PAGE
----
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Monday, June 30, 2003
Siobhan Donaghy- Overrated
I doubt anyone could overrate this song. This was the girl that had the musical taste that was unsuitable for the rest of the Sugababes? It sounds like a subpar Massive Attack track. Although I'm getting to the chorus now. This is nice. Oops. Back into the verse.
Wednesday, June 25, 2003
Tuesday, June 24, 2003
My God. For once, I feel like I have ultimate clarity.
In a month I may hate this album. I dunno. I may listen to it about one hundred and twenty-five times and be sick to death of it.
"Inertiatic Esp." And I don't want to describe the music. But this vital rush suddenly takes over my entire body, and it's just the most immediate thing. And the vocals: "now / I'm / lost" - shit. But the delivery. My god, this man can howl. And as the guitars trickle in, like the hairs on the back of your neck, an impending doom, the wail reaches you down in your stomach, the pit, and my head rolls. From side to side. "I'm lost, I'm lost, now I'm lost." Apparently, De-loused in the Comatorium is about being in a coma. I feel like I'm in a dream. Like I've been touched by something else, Touched By The Hand Of God.
And drums roll in and out, and at the same time I want to run kill eat sleep feel masturbate scream birth create dance hurt drink and that primal urge to do is there. And it's so good. Punk Floyd, motherfuckers. The music is like so many things you've heard, but you haven't. And it takes you far, far away, and it's eerie, and dirty, and playful, and free - and it's about their friend who committed suicide. I have no idea what Cedric Bixler is talking about. But I know what it means to me - that freedom. Those deep inner urges.
My girlfriend told me today that she's so incredibly angry and she knows why. And that it's something big and important, but "not really." And she won't tell me, at least until she's stoned. But I think I know what it is - and even if I did, I felt like playing "Eriatarka" for her. So she could know what it means to truly be lost in something that you will spend your entire life trying to emulate, trying to make something half as good. And it's enchanting, and beautiful, and angry, and a journey - like the album. And there's pain in the voices, and the guitars sway. The guitar roars and the voices hurl. You are yanked across everything you've known.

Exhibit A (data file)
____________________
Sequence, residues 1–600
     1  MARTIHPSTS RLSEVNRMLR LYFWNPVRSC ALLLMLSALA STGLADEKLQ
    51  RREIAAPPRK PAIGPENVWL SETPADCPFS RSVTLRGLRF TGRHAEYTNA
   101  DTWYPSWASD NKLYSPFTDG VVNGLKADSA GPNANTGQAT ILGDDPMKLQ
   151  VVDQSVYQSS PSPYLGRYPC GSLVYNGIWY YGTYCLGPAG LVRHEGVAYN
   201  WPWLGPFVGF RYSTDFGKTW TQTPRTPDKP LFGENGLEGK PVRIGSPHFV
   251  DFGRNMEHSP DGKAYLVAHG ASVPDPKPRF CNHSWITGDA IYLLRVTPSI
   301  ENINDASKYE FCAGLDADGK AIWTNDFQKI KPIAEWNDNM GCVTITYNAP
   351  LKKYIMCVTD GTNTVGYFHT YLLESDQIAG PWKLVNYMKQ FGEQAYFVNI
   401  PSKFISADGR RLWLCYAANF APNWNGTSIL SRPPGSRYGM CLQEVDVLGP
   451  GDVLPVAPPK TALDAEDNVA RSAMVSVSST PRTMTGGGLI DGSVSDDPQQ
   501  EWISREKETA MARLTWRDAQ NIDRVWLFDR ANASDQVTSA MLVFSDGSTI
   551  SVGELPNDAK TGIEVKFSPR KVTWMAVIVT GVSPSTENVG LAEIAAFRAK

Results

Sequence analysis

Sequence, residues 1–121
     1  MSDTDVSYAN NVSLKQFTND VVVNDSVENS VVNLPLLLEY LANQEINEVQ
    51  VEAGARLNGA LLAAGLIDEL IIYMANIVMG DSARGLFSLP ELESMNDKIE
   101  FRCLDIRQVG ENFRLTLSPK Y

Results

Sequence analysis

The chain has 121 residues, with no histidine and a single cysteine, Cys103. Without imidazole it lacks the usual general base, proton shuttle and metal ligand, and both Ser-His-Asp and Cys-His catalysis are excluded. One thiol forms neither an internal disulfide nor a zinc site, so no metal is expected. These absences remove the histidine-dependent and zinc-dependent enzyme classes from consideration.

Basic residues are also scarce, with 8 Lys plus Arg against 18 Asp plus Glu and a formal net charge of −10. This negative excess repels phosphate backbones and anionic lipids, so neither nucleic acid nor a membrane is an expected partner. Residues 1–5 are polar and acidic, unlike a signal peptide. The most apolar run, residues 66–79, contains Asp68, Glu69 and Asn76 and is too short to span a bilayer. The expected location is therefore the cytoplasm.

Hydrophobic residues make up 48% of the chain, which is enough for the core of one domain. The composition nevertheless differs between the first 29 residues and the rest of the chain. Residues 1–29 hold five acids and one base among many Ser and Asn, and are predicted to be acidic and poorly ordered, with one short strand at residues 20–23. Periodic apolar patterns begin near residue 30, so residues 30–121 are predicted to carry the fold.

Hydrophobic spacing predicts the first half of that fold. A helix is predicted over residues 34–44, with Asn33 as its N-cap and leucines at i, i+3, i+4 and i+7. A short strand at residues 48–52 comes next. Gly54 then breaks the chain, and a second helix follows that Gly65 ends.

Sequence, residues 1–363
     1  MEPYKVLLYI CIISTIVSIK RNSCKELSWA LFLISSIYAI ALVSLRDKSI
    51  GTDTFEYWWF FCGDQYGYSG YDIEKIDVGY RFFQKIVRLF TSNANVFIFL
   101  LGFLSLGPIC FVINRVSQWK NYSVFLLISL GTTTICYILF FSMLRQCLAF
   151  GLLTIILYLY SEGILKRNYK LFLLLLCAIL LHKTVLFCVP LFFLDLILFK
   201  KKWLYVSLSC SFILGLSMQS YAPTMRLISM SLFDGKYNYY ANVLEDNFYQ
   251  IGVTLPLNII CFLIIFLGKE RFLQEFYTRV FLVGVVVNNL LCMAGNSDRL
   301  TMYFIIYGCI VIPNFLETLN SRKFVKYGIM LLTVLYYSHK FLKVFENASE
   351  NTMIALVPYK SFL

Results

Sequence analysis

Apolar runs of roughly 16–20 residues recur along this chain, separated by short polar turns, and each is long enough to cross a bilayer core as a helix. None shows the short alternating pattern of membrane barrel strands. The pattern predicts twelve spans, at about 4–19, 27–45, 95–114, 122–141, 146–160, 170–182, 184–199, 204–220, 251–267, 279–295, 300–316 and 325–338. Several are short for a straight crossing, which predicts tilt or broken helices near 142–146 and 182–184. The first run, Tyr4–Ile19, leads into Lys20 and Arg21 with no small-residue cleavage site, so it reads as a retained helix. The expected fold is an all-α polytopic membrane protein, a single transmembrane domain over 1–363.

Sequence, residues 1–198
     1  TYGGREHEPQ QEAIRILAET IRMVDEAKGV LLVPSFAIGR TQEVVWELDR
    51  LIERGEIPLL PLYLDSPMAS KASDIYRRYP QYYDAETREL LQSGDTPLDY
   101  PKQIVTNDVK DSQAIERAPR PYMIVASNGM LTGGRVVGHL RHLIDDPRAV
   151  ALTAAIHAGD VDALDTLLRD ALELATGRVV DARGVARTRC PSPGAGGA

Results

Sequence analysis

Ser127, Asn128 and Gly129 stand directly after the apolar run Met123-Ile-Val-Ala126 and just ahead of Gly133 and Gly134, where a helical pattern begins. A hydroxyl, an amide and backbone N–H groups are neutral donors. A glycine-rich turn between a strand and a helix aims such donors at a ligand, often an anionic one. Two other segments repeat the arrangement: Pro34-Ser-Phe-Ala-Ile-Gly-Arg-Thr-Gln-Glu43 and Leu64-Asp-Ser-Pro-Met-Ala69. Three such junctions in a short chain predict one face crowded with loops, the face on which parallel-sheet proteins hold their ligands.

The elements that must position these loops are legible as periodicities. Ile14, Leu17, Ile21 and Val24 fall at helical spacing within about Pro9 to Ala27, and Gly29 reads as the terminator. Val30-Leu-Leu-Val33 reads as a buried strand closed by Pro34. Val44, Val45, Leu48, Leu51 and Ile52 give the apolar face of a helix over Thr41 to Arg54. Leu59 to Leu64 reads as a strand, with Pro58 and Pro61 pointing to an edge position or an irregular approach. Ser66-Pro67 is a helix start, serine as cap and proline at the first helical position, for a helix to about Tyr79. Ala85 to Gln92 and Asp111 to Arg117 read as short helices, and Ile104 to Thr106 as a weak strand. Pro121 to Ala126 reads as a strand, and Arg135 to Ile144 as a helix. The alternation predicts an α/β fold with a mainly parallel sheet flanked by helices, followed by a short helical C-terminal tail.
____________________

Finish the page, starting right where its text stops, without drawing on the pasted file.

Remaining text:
It's almost spiritual.
Thursday, June 19, 2003
I'm an absolute sucker for anything on VH1, as long as it's a retrospective or in list form. After taking a much needed week-long sabbatical from cable television, I returned to the greet the top 100 songs of the last 25 years. Although this will not replace my true passion, I Love the 80s, the highlight so far is among the best moments of the network.
Yes, Journey’s “Don’t Stop Believin’” made it to #49. In the midst of yelling at Melissa Etheridge to get off my damn television (it apparently worked for Rain Pryor), I missed the build-up, but I swear to god that Steve Perry, former lead singer of Journey, actually said “I think you’re all believin’ and you can’t stop.” In the midst of all this, I found out that Journey: Tribute to America had not fully made the rounds as I had previously thought. As great as my mystical Steve Perry moment was, this is an absolute classic of post-ironic Flash animation.
Saule, Apollo, Etc.
The Saule album is likeable enough, although I tend to side with Kareem with regards to its long-term noteworthiness. It lacks that wooziness and depth that makes Jeck the best of the 'vinyl citation' camp of turntablists, but definitely scores points in the 'hypnotic' department - sometimes to its detriment. After a few months with it, I've decided that the twists are even fewer and farther apart than I initially thought and that there's a certain obviousness to them (including one moment I still snicker at for pulling a soft/loud trick I've called 'the turntable Slint').. Overall, however, the surface is still pretty enough to warrant the occasional spin, and it requires the perfect amount of attention for listening while driving (which, to borrow Todd's roundabout style, might be a pretty hefty compliment in itself).